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Dehydration affects cerebral blood flow but not its metabolic rate for oxygen during maximal exercise in trained humans.

Trangmar SJ, Chiesa ST, Stock CG, Kalsi KK, Secher NH, González-Alonso J - J. Physiol. (Lond.) (2014)

Bottom Line: In all conditions, reductions in ICA and MCA Vmean were associated with declining cerebral vascular conductance, increasing jugular venous noradrenaline, and falling arterial carbon dioxide tension (P aCO 2) (R(2) ≥ 0.41, P ≤ 0.01) whereas CCA flow and conductance were related to elevated blood temperature.In conclusion, dehydration accelerated the decline in CBF by decreasing P aCO 2 and enhancing vasoconstrictor activity.However, the circulatory strain on the human brain during maximal exercise does not compromise CMRO2 because of compensatory increases in O2 extraction.

View Article: PubMed Central - PubMed

Affiliation: Centre for Sports Medicine and Human Performance, Brunel University, London, UK.

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Cerebral haemodynamics and oxygen parameters during incremental exercise in different hydration statesLeft panel: internal carotid artery blood flow (A), ICA oxygen delivery (B), common carotid artery blood flow (C) and middle cerebral artery velocity (D). Right panel: jugular venous to arterial CO2 difference (v–a CO2; E), arterial to jugular venous oxygen difference (a–v O2; F), brain CO2 release (G), and brain oxygen uptake (CMRO2; H) for control (open circles), dehydration (filled circles) and rehydration (open squares) conditions. Values are mean ± SEM. P values represent ANOVA results. *P < 0.05 vs. rest, #P < 0.05 vs. sub-maximal exercise (i.e. ∼40% WRmax).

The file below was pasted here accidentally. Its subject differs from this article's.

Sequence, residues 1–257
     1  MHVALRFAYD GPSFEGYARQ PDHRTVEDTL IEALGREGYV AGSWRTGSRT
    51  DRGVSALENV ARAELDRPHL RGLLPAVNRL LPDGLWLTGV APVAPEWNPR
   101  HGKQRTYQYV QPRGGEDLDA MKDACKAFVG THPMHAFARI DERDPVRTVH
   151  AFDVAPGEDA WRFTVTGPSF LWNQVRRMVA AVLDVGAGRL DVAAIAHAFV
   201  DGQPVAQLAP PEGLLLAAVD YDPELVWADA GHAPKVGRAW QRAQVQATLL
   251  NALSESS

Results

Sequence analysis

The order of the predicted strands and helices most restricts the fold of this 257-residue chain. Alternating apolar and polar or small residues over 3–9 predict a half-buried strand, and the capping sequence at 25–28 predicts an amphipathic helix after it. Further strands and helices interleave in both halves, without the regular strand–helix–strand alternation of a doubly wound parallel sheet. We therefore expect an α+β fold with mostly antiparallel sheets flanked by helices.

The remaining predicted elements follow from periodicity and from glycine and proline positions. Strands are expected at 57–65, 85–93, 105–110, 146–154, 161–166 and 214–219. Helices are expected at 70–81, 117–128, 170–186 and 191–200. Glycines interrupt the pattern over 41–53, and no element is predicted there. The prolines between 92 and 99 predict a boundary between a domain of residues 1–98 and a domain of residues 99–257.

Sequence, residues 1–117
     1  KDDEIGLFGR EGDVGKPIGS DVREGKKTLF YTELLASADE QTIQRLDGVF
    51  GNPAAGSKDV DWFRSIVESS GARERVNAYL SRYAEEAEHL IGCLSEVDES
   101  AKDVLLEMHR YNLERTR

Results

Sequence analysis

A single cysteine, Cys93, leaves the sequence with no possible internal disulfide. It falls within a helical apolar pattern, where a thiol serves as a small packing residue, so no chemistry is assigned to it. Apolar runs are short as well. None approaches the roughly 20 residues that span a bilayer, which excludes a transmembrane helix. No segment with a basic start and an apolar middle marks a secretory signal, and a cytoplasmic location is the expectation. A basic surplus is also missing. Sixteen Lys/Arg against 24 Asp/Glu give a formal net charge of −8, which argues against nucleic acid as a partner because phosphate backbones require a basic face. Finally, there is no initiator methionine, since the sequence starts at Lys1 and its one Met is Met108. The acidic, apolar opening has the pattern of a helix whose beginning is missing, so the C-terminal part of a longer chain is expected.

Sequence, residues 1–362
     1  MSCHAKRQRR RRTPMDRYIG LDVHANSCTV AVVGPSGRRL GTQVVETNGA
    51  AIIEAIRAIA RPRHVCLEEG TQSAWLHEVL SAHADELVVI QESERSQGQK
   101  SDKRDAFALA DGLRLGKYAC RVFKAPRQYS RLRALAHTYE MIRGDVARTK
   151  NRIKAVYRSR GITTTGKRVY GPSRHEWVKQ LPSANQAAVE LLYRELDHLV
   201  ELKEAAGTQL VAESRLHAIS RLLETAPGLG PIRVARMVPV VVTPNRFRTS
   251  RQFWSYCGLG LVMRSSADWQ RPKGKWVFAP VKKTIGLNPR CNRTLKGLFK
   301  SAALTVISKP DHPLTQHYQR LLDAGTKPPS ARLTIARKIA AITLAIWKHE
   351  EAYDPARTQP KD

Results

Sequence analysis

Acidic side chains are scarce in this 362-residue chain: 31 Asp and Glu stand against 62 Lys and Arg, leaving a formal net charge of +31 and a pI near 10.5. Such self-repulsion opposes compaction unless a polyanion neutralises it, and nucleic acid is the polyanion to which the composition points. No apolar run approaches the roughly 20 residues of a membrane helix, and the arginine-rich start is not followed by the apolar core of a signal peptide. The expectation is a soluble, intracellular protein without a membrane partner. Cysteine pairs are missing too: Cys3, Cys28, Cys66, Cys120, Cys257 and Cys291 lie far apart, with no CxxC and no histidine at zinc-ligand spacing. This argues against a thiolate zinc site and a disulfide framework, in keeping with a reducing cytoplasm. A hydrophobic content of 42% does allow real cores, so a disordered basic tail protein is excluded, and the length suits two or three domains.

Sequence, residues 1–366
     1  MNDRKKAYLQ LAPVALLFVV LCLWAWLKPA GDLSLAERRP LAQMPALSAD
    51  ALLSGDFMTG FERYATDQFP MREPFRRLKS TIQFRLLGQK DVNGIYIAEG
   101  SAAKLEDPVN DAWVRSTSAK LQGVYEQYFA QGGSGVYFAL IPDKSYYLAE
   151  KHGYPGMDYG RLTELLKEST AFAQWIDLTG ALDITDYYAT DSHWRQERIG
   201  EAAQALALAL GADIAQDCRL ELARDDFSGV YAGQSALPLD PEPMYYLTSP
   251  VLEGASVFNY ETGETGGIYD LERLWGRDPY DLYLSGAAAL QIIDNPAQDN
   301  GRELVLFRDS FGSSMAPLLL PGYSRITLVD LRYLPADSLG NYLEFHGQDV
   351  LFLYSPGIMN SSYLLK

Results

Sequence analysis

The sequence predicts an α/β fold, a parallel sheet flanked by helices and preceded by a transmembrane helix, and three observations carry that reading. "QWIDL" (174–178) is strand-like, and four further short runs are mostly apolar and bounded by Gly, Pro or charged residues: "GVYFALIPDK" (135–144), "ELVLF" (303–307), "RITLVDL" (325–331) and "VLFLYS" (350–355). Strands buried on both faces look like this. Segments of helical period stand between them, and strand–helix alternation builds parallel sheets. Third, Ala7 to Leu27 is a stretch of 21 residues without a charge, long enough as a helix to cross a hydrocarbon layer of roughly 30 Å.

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fig03: Cerebral haemodynamics and oxygen parameters during incremental exercise in different hydration statesLeft panel: internal carotid artery blood flow (A), ICA oxygen delivery (B), common carotid artery blood flow (C) and middle cerebral artery velocity (D). Right panel: jugular venous to arterial CO2 difference (v–a CO2; E), arterial to jugular venous oxygen difference (a–v O2; F), brain CO2 release (G), and brain oxygen uptake (CMRO2; H) for control (open circles), dehydration (filled circles) and rehydration (open squares) conditions. Values are mean ± SEM. P values represent ANOVA results. *P < 0.05 vs. rest, #P < 0.05 vs. sub-maximal exercise (i.e. ∼40% WRmax).